November 21, 2014

Judge orders early voting hours be restored in Ohio

gavelJudge Peter Economus of the U.S. District Court for the Southern District of Ohio ruled Wednesday, June 11 in favor of a motion for summary judgment to permanently maintain the final three days of early voting.

“In-person early voting is restored on the three days immediately preceding all future election days for all eligible voters. Secretary of State Jon Husted shall be responsible for setting business hours for such voting to preserve the right of all Ohio voters to cast his or her vote with said hours to be uniform throughout the state and suitable to the needs of the particular election in question,” Economus said in the decision.

Earlier this year, Husted issued a directive setting uniform statewide early voting hours for the 2014 election that didn’t include any Sundays or the Monday before Election Day.

The court’s action follows a previous decision that restored early voting hours leading up to the 2012 election.

Secretary Husted said he would comply with the court’s ruling and hailed it as a vindication of his effort to impose uniform voting procedures statewide.

“I am pleased that the federal court has affirmed what I have long advocated – that all voters, no matter where they live, should have the same opportunity to vote. Thankfully, uniformity and equality won the day,” Husted said.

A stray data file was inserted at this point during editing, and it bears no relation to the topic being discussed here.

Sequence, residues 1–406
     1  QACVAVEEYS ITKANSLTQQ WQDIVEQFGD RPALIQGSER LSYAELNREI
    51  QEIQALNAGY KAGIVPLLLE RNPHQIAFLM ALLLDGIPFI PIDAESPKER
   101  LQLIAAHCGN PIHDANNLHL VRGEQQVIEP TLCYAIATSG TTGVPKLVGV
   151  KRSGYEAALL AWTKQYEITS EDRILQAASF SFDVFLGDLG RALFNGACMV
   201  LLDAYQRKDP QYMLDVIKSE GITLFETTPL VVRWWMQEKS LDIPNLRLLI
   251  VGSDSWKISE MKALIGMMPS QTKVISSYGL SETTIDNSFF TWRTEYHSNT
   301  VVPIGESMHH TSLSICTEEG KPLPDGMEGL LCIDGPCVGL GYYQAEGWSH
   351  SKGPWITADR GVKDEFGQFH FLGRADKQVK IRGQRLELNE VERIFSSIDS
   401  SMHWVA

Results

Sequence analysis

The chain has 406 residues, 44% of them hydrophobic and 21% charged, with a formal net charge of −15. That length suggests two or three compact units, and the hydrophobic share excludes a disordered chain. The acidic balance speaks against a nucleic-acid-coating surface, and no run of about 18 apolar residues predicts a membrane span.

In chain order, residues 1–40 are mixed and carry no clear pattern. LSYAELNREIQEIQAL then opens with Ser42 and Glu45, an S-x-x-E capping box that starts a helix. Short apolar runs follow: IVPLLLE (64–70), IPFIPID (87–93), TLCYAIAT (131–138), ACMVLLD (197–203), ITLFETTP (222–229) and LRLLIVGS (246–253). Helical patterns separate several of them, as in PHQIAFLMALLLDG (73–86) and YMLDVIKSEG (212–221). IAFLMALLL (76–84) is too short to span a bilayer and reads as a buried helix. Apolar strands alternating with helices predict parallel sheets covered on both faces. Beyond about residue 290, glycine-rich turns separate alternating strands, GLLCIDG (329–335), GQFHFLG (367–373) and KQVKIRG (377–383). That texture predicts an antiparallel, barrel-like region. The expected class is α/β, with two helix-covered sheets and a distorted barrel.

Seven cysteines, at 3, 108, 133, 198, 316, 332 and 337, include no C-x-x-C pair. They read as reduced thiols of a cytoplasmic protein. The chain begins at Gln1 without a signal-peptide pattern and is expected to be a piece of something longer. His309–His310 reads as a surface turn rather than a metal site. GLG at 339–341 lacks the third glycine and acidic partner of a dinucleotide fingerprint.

Secretary Husted had urged the legislature to pass a law setting uniform early voting hours statewide but got little interest from his Republican colleagues.

“This ruling shows how important these last three days are to ensure equal access to the ballot, and the hours set by Secretary Husted should reflect that,” Ohio Democratic Party Chairman Chris Redfern said in a statement.

Democratic National Committee Chair Debbie Wasserman Schultz said 96,000 Ohioans cast their ballots during the final three days of early voting in the 2012 presidential election.

“This November and beyond, thousands more will be able to join them,” Schultz said.

The court case stems from a series of legislative actions last session when Republicans passed a far-ranging elections measure that reduced the early in-person voting period.